Mortgage Refinancing: When It Makes Sense and When It Doesn't
Mortgage refinancing is often touted as a way for homeowners to lower their housing costs. However, refinancing only makes financial sense under certain circumstances.
Here's some guidance on when refinancing your mortgage may be a savvy move—and when it's better to stick with your current loan.
Consider Your Long-Term Plans
If you don't plan to stay in your home for at least a few years after refinancing, the closing costs you pay upfront likely won't be recouped in monthly savings. Most experts recommend only refinancing if you intend to keep the property for at least 3 to 5 years.
If selling your home is on the horizon, refinancing probably doesn't make economic sense.
Do the Math Carefully
Crunch the numbers to determine if refinancing will actually lower your monthly payment enough to offset closing fees within a reasonable timeframe. Online calculators can help estimate your breakeven point.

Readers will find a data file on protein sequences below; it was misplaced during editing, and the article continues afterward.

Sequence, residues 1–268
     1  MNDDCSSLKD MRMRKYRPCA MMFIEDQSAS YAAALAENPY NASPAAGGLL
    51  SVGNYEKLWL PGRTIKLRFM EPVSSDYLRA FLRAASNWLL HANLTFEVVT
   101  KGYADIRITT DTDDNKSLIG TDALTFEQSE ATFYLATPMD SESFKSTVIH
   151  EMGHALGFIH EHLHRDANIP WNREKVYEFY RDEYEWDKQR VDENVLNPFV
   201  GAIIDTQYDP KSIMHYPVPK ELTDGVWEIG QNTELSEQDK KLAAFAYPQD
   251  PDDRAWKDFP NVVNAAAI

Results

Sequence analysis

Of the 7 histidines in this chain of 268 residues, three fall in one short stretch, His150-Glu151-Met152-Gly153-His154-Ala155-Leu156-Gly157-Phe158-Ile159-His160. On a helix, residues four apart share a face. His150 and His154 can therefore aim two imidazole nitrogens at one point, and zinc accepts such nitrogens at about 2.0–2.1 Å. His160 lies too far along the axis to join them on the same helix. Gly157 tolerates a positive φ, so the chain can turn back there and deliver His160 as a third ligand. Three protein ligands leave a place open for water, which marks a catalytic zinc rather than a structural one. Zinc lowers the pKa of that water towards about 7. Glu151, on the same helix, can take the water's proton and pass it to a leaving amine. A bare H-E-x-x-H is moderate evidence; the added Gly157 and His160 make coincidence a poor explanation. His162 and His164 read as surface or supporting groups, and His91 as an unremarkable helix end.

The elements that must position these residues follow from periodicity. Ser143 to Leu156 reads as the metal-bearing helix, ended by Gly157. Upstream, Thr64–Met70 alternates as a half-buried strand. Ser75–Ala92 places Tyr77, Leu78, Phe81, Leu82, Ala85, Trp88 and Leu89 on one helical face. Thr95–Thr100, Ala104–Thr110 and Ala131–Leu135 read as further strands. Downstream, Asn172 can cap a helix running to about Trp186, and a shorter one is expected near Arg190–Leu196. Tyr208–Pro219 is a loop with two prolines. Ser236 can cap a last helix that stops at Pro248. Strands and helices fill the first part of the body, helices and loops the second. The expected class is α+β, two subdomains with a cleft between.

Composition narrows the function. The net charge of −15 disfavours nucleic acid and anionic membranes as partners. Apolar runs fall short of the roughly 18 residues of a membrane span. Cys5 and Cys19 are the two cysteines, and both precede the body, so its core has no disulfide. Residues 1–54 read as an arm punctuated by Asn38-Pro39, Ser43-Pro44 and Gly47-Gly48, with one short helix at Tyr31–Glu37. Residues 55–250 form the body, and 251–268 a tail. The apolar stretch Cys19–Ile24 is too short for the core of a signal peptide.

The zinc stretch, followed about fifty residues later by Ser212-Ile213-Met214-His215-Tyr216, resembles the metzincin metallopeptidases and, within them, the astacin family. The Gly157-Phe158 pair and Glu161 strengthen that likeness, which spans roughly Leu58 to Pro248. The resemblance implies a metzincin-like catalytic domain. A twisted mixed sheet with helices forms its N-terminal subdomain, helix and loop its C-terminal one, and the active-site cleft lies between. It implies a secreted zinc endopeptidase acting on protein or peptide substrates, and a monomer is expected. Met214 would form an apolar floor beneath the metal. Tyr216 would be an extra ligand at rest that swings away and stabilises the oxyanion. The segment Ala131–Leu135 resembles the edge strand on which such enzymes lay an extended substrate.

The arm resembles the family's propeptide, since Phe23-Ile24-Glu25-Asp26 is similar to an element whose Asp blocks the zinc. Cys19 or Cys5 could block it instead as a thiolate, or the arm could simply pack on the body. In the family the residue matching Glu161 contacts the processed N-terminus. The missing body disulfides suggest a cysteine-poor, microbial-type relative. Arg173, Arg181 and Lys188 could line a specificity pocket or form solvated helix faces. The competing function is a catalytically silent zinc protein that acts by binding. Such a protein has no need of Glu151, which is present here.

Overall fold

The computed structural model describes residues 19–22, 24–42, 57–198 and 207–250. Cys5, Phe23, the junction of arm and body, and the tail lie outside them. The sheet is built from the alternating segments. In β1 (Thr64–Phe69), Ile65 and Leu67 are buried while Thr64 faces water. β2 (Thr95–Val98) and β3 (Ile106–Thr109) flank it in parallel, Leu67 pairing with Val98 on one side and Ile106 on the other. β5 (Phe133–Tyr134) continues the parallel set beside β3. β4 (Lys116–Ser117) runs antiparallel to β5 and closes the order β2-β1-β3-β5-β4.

As a rule of thumb, aim for recouping closing costs within 12 to 18 months to make refinancing worthwhile. If the math doesn't work out in your favor, stick with your current loan.
Consider Your Credit Score
The interest rate you'll qualify for depends heavily on your credit score and credit history. If your score has dropped significantly since obtaining your original mortgage, you may not qualify for a rate low enough to warrant refinancing.
Take time to check your credit report, dispute any errors, and adopt good credit habits to improve your score before applying to refinance.
The bottom line? Mortgage refinancing makes the most sense if you plan to stay in your home long-term, can secure a lower interest rate that offsets fees, and have a stable credit score.
But if any of these factors don't align, refinancing may end up costing more than it saves. Carefully evaluate your own financial situation to determine if refinancing your mortgage is right for you.